Visual preference survey

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A visual preference survey is a technique for obtaining public feedback on physical design alternatives. It is often used when designing zoning codes, planning redevelopment, and conducting urban planning research.

The survey consists of a series of images that participants must score according to their preference. The images may be actual photographs or computer-simulated images depicting potential urban environments.[1] The participants' input is then used to make decisions about the future built environment.

This technique was developed by urban planner Anton Tony Nelessen in the late 1970s,[2] and it grew in popularity during the 1990s. The method has been criticized on the basis that lighting, weather, and background activities might influence preferences. In part this is corrected by using simulated imagery,[3] but simulations themselves may be misleading when compared with actual photographs. Recent plans utilizing visual preference surveys include Denver,[4] Topeka,[5] New Castle,[6] and Orlando.[7]

Criticisms of Visual Preference Surveys[edit]

Visual Preference Surveys have been criticized for potentially eliciting inaccurate measurements of a communities preference. As planner Reid Ewing has noted [1], “when you show citizens stark images of new suburban subdivisions or strip centers versus beautified images from America’s finest small towns, the outcome is predictable and largely meaningless.”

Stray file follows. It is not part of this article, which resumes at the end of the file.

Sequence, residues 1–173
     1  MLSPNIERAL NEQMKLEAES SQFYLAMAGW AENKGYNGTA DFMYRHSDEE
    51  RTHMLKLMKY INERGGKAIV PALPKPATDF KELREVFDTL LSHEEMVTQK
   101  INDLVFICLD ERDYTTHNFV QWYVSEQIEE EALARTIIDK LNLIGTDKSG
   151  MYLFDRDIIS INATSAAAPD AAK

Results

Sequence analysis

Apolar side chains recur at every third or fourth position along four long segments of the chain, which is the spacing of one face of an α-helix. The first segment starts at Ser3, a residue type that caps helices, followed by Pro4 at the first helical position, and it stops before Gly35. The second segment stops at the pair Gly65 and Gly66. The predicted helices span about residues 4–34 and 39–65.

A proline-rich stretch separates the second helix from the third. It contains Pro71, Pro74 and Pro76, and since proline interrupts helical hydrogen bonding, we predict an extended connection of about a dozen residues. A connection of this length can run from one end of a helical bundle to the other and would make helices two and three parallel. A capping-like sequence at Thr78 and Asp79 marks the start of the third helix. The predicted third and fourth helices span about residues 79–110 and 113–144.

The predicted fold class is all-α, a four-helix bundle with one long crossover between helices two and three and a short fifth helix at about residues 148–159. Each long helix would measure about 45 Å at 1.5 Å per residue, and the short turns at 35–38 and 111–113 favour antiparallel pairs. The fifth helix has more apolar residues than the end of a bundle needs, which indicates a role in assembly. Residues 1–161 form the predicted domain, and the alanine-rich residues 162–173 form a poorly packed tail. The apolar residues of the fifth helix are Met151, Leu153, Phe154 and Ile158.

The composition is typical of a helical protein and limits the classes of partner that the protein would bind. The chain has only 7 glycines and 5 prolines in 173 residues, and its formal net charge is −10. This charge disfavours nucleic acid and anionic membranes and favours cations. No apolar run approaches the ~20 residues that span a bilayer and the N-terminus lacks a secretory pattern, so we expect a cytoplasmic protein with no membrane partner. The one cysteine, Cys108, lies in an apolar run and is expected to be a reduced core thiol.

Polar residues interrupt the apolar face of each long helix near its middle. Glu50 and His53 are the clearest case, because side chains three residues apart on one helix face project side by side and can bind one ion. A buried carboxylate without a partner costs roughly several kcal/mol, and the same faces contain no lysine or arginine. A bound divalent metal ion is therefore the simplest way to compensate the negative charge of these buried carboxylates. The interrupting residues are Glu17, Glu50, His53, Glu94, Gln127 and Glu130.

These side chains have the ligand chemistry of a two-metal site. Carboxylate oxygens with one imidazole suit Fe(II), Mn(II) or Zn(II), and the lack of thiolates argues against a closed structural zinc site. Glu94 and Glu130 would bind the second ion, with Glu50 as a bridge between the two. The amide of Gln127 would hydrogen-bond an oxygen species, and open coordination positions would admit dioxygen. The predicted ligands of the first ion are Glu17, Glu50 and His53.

For accurate results, a visual preference survey must adhere to sound research design: It must be specifically tailored to the community and location, generated after multiple discussions and field investigations and photographic reconnaissance, and address eight or more related categories of visual and spatial characteristics.

Effective visual preference surveys are precise in exploring which variables they are attempting to measure, whether it be street trees, bike lanes, crosswalks, or any number of proposed changes. Nelessen and other practitioners have addressed this issue through the use of simulated or manipulated imagery using Adobe Photoshop or any number image manipulation software. In practice, this may involve taking exactly the same picture, yet adding a single element to the second picture to gauge community reaction to a proposed change. For example, visual preference surveys for locations such as Topeka, Princeton, and Journal Square contain several such images - one untouched image contrasted with exactly the same picture except with a single new element added, such as pedestrians, a narrower street, a median with greenery or other design elements. In such instances, higher scores for the second, doctored image provide a more reliable gauge for the aesthetic preferences of a community.[8]

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